"All of the animals except for man know that the principle business of life is to enjoy it."
Luckily for me, there is no rigid screening process for membership in the Organization of Sentient Beings. My ferry schedule must be out of date, because I come awfully close to missing the boat - repeatedly.
Beliefs - our personal mythology, our more than twice-told stories - can act as the curse spoken over the baby just before the castle and all within it fall into coma-like slumber. Whatever the planets are up to, their influence has someone touching live wires to parts of my brain while an Observer stands by and remarks, "That's not true. Where did you come up with that?"
Item one: how many times have I written or said that I just write; I don't know where it's going, I just show up and do it. False. I DO know. My writing carries me from this place into another, as the words pile up my work becomes more, bigger. Where it is going is forward. That forward may not have a name or form is not the same as standing still. I do know.
Item two: because of current or historic events that might be seen as setbacks, I often tell myself that life is hard, as though that limp and watery classification lets me be as half-assed as I want. False. I have not broken down at some menacing desert way-station; the necessary replacement part will not take 6 weeks to arrive; I am not without resources and, in many ways, abundance. The grocery stores have been selling blueberries for (almost) pennies for the past several weeks. Blueberries may be one of the signs of advanced civilization; they are surely not a sign of the apocalypse. No trust fund? Que lastima.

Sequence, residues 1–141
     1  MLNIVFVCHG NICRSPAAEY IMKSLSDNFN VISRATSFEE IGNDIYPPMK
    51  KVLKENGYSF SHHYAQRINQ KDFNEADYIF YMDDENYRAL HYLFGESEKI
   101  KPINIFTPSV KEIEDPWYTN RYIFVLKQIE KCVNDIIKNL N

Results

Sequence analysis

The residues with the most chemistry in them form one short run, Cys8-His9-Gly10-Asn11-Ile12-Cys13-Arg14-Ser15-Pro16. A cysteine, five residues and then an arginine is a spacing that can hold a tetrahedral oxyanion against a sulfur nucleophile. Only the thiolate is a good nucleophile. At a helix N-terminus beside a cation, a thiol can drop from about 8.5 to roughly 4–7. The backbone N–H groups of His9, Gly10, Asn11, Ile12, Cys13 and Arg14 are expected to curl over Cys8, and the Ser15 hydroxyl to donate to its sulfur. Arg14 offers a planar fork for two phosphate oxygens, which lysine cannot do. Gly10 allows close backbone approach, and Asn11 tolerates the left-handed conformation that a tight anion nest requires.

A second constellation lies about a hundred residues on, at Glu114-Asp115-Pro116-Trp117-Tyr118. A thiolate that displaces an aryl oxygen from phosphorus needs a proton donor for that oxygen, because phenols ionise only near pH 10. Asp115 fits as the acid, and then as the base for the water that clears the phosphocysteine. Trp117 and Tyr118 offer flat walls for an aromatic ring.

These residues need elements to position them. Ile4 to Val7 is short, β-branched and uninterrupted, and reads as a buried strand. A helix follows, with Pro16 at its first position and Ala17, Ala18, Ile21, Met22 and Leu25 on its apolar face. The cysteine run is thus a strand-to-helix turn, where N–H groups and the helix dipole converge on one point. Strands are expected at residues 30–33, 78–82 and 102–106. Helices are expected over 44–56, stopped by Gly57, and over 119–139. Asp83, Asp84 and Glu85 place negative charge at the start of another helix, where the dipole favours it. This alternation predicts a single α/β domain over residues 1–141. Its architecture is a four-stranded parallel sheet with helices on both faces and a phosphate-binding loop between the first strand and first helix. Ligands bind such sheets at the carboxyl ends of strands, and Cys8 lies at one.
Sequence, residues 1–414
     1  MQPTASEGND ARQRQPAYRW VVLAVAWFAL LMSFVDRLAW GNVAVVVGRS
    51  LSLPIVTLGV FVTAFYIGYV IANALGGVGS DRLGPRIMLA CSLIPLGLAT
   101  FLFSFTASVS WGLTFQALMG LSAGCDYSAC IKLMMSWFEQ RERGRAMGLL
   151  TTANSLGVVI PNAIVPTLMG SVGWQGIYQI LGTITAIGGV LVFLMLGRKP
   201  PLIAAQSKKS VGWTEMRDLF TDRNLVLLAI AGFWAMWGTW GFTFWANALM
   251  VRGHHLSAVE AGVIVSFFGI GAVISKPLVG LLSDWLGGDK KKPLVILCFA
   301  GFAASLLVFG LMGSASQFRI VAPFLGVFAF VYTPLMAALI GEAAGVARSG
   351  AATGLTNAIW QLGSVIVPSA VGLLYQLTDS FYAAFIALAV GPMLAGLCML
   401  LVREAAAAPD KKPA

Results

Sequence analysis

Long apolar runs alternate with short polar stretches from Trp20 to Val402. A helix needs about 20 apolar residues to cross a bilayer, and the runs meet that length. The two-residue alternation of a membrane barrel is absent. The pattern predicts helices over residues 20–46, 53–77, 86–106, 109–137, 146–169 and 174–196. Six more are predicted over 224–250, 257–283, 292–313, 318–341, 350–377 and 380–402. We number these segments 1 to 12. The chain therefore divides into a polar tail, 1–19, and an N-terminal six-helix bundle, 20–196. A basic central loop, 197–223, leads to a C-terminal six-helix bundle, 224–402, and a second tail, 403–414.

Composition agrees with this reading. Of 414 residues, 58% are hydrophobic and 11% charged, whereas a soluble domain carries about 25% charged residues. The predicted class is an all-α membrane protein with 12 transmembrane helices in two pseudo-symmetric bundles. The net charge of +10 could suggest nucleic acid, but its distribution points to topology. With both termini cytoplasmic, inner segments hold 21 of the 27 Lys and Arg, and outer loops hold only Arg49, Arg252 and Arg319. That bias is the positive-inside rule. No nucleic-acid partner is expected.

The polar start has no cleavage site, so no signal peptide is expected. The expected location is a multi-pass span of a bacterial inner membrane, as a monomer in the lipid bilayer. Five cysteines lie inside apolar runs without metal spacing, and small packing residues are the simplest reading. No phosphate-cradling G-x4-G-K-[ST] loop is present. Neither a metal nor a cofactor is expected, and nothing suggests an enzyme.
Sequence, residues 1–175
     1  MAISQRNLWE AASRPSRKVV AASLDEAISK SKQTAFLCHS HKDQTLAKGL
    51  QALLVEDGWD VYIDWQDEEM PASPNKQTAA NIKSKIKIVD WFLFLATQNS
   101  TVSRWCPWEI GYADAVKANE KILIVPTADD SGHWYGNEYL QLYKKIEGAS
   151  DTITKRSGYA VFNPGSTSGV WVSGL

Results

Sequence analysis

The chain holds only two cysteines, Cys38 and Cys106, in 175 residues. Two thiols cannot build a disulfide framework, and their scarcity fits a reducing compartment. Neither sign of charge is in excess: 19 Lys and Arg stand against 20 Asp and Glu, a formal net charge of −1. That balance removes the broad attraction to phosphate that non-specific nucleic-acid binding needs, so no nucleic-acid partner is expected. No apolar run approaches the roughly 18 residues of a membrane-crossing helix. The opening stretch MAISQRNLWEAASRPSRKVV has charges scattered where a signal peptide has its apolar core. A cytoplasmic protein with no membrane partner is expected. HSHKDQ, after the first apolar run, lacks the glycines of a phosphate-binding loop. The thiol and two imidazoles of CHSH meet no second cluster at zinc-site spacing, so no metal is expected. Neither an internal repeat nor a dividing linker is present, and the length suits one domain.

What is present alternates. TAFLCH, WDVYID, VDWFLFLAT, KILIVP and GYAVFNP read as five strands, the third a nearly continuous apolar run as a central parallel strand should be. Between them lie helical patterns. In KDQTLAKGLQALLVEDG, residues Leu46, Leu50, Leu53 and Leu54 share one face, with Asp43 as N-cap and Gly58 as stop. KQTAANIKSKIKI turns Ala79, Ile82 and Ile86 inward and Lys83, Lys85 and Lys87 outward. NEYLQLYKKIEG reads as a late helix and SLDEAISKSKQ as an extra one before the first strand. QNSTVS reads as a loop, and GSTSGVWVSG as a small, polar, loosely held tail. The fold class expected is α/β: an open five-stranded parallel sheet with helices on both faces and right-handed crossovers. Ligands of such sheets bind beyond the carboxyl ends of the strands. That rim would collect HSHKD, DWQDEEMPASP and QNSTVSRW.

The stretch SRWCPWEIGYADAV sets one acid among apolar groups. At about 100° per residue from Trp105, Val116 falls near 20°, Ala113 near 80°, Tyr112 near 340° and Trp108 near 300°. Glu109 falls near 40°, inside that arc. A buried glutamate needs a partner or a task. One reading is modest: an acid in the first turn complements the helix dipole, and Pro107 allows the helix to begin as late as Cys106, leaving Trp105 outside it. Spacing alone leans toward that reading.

Item three: I see Iraqi war amputees climbing Mt. Kilimanjaro and feel like a whiner and a wimp. I see the armless teenager who paints, applies eye makeup without smudges, drives a car and flies an airplane. I am usually the first to scream that comparisons are odious - or odorous - but please. At what point did I make the choice to sit out the rest of my life because getting around is not the easy waltz it used to be.
Item four: there is an emphatic part of me that really believes impossible things can happen. I have had them happen to me. Call them miracles, blessings, call them impossible things; the last-minute reprieve has saved us more times than I can count. That is enough to hold onto; empirical evidence is sufficient in this case.
Item five: I have not been drawing and have written less often than I intend. The only thing keeping me from these joys is me and too many lunches from the apathy cafe. My time here is finite; is this the best I can do? Does this make me happy?
As other faulty beliefs come to me, I may list them here, if only to bring them into the light and let them slither off to another shadowy grotto. This could be labeled Noticing Out Loud, I suppose, but unlike writing the thoughts in the air with the licked tip of a finger, at least for the moment they have shape here. After the blogger lost comments fiasco, who knows. I may have choked on self-absorption long before a follow-up entry can be pasted together.
Several weeks ago I learned that artist-teacher-author Carla Sonheim was giving copies of her new book, Drawing Lab for Mixed-Media Artists , to some of the illustrators who contributed to the work, so that they could hold drawings on their blogs. I was one of the fortunate drawees and my copy arrived today. One of the first pages I turned to was about creating paper dolls. The exercise speaks to me, not only because she uses cereal box cardboard as the background. The page also includes a quote from Carl Jung, "What did you do as a child that made the hours pass like minutes? Here is the key to your earthly pursuits."
What I did was read, daydream, dance, sing, cook, do my best and believe. Later I wrote. Earthly pursuits. My keys.